Author: Stephanie Bradshaw
Shouldn’t we expect the iconic Australian Department Stores to get a little more than a face-lift?
In the sea of wonderful new ways to shop and exciting new international offerings I still find myself occasionally in the Jurassic halls of “the department store.” Tumbleweeds could be drifting by, that’s the atmosphere preceding the cold stares from bored staff members that seem to feel it acceptable to disappear when I need help. In fact my clean black work attire attracts other desperate shoppers, “Excuse me, do you work here?” Fortunately but apologetically …”No, I do not.”
I find it appalling that a brand would choose to be so lackadaisical. Retail is big business and (famously) customers are turning away from traditional shopping methods. With shiny new halls and impressive new ways to pay, one wonders why the most important part of a physical shopping touch point – the living element, the staff – are not satisfactorily completing the brand experience?
The big stores may blame unionism, an aging workforce, tough financial times; BUT… a few years ago I read an article out of the U.S. Some CEO of a big brand agency had commented, “it takes two weeks for your staff to start treating your customers the same way you are treating them.”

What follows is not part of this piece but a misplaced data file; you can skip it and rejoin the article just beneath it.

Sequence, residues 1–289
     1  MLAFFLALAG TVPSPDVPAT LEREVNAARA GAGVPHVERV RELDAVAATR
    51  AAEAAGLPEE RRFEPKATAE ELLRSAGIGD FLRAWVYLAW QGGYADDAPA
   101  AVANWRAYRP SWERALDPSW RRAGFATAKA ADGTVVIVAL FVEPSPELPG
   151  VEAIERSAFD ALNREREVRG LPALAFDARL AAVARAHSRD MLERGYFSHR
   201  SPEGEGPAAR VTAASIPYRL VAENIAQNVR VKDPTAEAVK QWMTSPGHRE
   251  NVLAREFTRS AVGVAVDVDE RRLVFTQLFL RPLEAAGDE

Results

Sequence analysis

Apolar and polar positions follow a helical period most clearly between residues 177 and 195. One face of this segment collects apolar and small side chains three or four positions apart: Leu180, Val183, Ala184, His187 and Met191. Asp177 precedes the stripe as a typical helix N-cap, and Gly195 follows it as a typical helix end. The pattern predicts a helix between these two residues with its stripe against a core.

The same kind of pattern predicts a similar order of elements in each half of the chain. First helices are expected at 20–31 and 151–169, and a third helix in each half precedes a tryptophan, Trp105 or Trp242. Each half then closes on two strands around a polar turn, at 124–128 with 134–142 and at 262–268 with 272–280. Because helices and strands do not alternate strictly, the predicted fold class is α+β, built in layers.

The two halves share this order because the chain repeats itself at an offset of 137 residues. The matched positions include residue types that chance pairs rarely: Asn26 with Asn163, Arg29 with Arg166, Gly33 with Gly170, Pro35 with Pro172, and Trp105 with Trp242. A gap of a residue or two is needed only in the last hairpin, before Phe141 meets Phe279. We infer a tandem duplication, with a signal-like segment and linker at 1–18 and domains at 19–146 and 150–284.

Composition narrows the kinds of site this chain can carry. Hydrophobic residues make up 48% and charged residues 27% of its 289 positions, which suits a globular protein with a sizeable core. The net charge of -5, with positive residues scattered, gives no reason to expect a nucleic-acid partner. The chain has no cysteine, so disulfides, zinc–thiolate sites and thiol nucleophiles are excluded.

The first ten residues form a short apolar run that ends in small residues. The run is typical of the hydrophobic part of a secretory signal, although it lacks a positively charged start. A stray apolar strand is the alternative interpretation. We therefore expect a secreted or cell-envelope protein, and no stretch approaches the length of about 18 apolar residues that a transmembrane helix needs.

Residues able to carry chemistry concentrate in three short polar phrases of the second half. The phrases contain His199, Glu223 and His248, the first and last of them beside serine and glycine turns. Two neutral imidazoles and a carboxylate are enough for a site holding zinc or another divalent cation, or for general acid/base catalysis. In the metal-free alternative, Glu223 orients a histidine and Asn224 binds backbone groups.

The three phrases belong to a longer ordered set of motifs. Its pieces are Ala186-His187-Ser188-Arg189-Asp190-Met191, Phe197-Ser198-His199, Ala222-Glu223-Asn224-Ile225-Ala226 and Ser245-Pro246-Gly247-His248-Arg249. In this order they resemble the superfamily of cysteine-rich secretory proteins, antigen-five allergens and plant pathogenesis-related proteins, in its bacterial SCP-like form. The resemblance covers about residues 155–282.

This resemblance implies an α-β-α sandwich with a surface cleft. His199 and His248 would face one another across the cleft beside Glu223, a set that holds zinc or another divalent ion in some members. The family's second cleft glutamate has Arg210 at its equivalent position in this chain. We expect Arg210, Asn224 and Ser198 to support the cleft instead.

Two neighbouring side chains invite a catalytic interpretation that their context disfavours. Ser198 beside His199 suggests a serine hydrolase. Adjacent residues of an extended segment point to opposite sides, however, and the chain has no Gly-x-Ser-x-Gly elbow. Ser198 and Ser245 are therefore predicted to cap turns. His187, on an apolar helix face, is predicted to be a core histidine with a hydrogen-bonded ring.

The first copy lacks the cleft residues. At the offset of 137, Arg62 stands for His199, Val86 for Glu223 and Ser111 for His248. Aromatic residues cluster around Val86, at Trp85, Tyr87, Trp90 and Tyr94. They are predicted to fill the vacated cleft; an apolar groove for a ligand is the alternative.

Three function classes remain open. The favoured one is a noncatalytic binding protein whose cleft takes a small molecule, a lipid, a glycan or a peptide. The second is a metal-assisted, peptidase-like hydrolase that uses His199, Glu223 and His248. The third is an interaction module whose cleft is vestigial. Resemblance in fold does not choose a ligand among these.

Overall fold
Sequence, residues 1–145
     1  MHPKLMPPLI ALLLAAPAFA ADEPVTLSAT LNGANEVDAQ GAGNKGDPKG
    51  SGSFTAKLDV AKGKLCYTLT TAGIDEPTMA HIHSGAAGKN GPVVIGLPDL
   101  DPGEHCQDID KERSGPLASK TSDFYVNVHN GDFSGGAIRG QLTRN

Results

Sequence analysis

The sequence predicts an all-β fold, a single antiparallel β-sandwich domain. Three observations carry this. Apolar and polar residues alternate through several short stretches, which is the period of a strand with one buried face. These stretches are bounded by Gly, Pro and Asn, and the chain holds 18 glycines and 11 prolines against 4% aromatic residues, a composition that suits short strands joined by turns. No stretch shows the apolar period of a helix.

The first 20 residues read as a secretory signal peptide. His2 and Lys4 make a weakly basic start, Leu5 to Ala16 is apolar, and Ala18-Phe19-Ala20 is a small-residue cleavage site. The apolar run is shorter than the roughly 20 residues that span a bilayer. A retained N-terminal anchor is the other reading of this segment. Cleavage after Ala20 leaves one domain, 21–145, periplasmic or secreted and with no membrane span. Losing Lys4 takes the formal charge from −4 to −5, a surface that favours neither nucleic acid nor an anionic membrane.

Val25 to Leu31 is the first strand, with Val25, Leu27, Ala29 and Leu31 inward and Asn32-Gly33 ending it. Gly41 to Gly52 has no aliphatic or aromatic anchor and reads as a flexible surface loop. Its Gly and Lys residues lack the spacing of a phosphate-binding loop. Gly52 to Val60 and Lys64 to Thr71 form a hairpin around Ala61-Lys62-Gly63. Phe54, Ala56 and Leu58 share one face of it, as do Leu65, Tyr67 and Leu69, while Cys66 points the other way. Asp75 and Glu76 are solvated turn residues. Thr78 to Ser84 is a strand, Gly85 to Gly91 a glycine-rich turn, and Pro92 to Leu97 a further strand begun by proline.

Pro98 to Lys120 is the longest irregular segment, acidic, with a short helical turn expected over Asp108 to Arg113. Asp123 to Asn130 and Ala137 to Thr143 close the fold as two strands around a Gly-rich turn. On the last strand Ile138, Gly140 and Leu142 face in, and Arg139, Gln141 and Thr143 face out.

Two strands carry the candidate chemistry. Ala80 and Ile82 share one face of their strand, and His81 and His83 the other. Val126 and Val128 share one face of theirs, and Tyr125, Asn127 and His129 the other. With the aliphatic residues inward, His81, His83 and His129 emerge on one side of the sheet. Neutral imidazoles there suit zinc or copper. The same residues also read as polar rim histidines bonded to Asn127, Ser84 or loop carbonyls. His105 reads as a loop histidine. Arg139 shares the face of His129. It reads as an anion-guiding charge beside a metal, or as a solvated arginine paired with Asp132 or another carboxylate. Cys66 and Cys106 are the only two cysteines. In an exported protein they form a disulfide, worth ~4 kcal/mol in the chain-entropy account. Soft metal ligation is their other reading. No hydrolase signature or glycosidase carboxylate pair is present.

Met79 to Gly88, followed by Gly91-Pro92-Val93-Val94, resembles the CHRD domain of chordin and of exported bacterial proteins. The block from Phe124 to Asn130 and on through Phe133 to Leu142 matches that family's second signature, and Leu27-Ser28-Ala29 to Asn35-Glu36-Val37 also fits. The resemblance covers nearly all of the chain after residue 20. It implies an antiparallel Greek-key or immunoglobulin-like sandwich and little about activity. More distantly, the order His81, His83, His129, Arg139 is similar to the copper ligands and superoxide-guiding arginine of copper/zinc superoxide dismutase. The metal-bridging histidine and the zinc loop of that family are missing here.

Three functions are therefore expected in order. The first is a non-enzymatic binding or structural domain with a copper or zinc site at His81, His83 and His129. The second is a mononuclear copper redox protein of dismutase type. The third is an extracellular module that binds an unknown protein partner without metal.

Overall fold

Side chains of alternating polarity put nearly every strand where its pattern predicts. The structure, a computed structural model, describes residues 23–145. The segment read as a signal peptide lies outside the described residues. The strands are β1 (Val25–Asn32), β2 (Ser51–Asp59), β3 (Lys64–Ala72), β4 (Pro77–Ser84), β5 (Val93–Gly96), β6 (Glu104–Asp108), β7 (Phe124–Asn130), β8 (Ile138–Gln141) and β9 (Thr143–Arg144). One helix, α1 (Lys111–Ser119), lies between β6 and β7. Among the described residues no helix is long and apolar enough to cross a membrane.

Giving your staff a little love doesn’t seem that hard, does it?
One would think the big Australian Department Stores could make the most of the things they do have. Real estate, a loyal (if diminishing) customer base and the one thing on-line shopping doesn’t have, face to face contact with their customers! Isn’t improving customer service, the live retail experience – the easiest way to stop being so…um, Jurassic? I’m afraid to say, unless they do something to improve service, we will not be finding wonderful.
So, to the not-so-lovely-lady in the cosmetics department, I’m giving you the benefit of the doubt. Let’s hope management can give your store a little more than a face-lift and inject some customer service substance in the future.